I recently watched a short educational video,”This Will Revolutionize Education” by Derek Muller, posted on his site, Veritasium.
Muller, a scientist who writes about all things science, focuses this particular video on technology and its empty promises of revolutionizing education. Posing the idea that technology and all of its iterations are not, actually, the transformative saviors of modern education, Muller cites examples such as the motion picture, the radio, the television – technological toys that were touted as the antidote to the failed education system. They were going to dramatically change the landscape of education; they were going to “improve the quality of education at lower cost” and perhaps eliminate the role of the teacher in the classroom, ridding the world of those tiresome and expensive humans.
Fast forward fifty, sixty years. What is the newest iteration of that technology that promises to revitalize and revamp the classroom? The internet. Limitless knowledge at our fingertips. And yet…
Muller notes that the latest technology offers students their own “personal tutor in a machine,” allowing them to work through lessons at their own pace and receive “immediate and personally tailored feed-back.” And all of this “without the interference of a meddlesome and expensive teacher!” He points out though, that despite all of the advances in technology, there has been no revolution in education. The classroom of today is, for all intents and purposes, a mirror image of the classroom of 100 ago. The teacher and her small (or large) group of students.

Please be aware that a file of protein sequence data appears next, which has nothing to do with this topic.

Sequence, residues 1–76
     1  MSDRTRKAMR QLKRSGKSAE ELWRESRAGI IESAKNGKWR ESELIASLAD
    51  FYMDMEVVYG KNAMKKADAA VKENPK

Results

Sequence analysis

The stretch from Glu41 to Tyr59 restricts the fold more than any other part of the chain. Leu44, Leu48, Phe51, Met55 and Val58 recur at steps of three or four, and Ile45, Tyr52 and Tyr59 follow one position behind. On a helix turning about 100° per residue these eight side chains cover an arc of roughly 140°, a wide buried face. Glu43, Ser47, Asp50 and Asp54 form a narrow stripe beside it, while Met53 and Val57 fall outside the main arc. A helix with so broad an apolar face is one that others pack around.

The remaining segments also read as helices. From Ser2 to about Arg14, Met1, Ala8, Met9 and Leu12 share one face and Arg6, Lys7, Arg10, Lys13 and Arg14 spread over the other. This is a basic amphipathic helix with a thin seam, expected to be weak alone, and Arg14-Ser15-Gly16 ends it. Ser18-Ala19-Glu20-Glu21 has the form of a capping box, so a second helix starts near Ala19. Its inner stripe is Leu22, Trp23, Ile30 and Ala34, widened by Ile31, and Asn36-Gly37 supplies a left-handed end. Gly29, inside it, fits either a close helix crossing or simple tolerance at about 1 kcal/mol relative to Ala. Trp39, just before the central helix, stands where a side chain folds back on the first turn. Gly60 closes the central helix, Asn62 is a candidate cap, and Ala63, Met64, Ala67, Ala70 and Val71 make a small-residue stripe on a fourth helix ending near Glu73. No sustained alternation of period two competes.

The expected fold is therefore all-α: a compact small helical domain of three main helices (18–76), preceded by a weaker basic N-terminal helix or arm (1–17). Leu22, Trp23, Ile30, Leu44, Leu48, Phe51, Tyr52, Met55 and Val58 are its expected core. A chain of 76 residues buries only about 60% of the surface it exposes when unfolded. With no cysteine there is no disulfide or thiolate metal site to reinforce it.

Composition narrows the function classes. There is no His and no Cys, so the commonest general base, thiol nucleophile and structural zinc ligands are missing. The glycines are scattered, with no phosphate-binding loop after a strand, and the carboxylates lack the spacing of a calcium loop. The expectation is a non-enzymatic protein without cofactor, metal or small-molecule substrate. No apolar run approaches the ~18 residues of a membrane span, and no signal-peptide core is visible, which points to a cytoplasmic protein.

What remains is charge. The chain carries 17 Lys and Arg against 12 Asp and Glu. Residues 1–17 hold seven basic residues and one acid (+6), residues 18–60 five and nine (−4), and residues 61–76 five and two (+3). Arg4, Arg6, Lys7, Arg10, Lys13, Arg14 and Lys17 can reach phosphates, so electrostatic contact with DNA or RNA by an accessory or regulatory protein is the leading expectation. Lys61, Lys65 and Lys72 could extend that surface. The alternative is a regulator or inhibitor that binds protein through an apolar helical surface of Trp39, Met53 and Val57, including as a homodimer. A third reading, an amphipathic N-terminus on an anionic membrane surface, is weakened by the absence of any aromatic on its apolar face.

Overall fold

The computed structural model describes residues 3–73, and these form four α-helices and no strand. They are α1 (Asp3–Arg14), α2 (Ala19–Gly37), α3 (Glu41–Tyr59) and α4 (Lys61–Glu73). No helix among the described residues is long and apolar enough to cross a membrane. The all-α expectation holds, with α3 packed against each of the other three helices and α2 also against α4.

What I find to be most profound about Muller’s musings is that, despite the transformative potential of technology, it has to this point, failed in its every attempt to become that saving grace. He breaks the failure down into two reasons: “1. Technology is not inherently superior, animations over static graphics, videoed presentations over live lectures etc. and 2. Learning is inherently a social activity, motivated and encouraged by interactions with others.” It is this last sentiment, that the process of learning is a “social activity” intrinsically linked to forming and developing human connections, that is most “revolutionary” to me.
I love technology and what it can bring to the classroom, but it is also comforting to be reminded of our worth as human beings, as an actual living, breathing presence in the classroom and in our students’ lives. What is it to be a human, after all, if only a pursuit of connectivity. The internet, and all of its future iterations, can certainly aid us in that pursuit of making connections, but as of yet, it is the emotional and physical link that remains the most significant.